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Carlos Rodón, ace?

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The southpaw started hot and ended cool, and for a guy who couldn’t raise his arm above his head after 2017, that ain’t bad

MLB: Chicago White Sox at Minnesota Twins
Out of Gas: Rodón’s abysmal September left a mark in the minds of Sox fans.
Brad Rempel-USA TODAY Sports

Looking at Carlos Rodón’s overall 2018 statistics, it’s hard to be impressed.

The numbers sing a sorry song, starting with a career low in K/9 at 6.71, and no improvement in walks (4.10 BB/9). Clear issues in commanding the strike zone led to a professional career high (including the minors) in fly balls allowed, at 42.9%. The 2018 season was the first in Rodón’s professional career where he allowed more fly balls than grounders, leading to career worsts in ERA, FIP and xFIP.

It also does not help that Rodón ended the season in a massive slump. In the month of September, Rodón had the same amount of K/9 as BB/9, at 6.26. He averaged a 31 game score, topping out at just 55, and had a 9.22 ERA and 6.78 FIP. Simply, Rodón’s September was atrocious.

Now, what gets lost sometimes is that Rodón came into the season rehabbing after a major surgery on his throwing shoulder. Before the season, Rodón just getting through the year healthy would have made 2018 successful season — and he did that. What is more impressive is that Rodón was actually very good for most of the season.

Here is Rodon’s ISO on all pitches in September:

Rodon’s ISO in September, all pitches.
FanGraphs

That’s a lot of red — not just in the strike zone, but below. That’s not good at all, as teams were crushing Rodón. However, even though he was better before September, good contact was still prevalent:

Rodon’s ISO through August, all pitches.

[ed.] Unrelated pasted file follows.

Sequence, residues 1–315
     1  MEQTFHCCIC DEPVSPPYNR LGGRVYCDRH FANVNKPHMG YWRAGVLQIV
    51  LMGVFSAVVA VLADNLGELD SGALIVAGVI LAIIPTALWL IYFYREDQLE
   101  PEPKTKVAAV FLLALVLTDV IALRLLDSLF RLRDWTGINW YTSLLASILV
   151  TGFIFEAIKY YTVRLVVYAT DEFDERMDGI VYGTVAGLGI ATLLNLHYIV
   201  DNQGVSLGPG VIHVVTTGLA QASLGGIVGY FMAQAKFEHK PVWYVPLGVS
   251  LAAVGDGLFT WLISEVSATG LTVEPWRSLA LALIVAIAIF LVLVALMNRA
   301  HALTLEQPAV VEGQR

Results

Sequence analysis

FanGraphs

Rodón’s problem, even before September, was that hitters were seeing his pitches well. And yet his .218 batting average against in 2018 was actually a career best, by over 30 points. Huh? Well, Rodón was not allowing many hits, but when he did, those hits were with good contact and lift. Rodón allowed a career high in launch angle (16.7 degrees), which helped translate to his career high in fly ball rate and pull percentage. It was a perfect storm, which drenched Rodón in September, as he was walking more batters and allowing better contact. That usually equates to runs — and it definitely did in his case.

So yeah, maybe Rodón’s overall season was not ace-like. But it was ridiculous to expect him to be after major shoulder surgery.

However — here is where the good stuff really starts — his slider through August was elite, and his fastball through August was one of the best fastballs among all starting pitchers.

Let’s start with the slider. According to pitch info, Rodón’s slider had a pitch value of 2.51 through August, making it the eighth best slider among starting pitchers. His slider was used about a quarter of the time, and it was clearly his best pitch all year.

Wanna see something cool? Look at is this heat map:

Rodón’s slider through August ISO.
FanGraphs

Rodón’s fastball, though not as effective as the slider, was thrown about half of the time. So if the fastball was there, Rodón had a good game. Through August, Rodón’s fastball had a 1.84 pitch value, making it the best fastball in the majors among starting pitchers. That is why Rodón was much better before September, with an average game score of 61.

So in the last month of his season, in a year when he missed the first two months recovering from major shoulder surgery, Rodón’s fastball faltered. It went from the best fastball among starters in all of baseball to the worst, with a -4.87 pitch value.

Rodón’s fastball in September ISO.
FanGraphs

That’s bad.

For the entire year, Rodón relied heavily on his fastball, much more than usual, even when healthy. In 2017, he threw his fastball 37.1% of the time, and 40.6% of the time in 2016. It was probably not wise to increase fastball usage by 10% after coming off shoulder surgery, but Rodón needed it. It didn’t help that Rodón’s sinker was by far his worst pitch in 2018, and its usage fell 14%. That helped force Rodón to use his fastball too often, and he was understandably gassed by the end of the season.

So, is Rodón an ace? Not yet. But he proved he had two of the best pitches among starters in an injury-shortened year, which is pretty impressive. Sure, Rodón wasn’t dominant through his last pitch of the season, but shoulder injuries are serious, and he was able to rebound for much of his season.

Imagine what will happen after his first offseason after surgery, pitching in 2019 without coming off of an injury. Rodón may not be an ace yet — but he is closer than he was last year.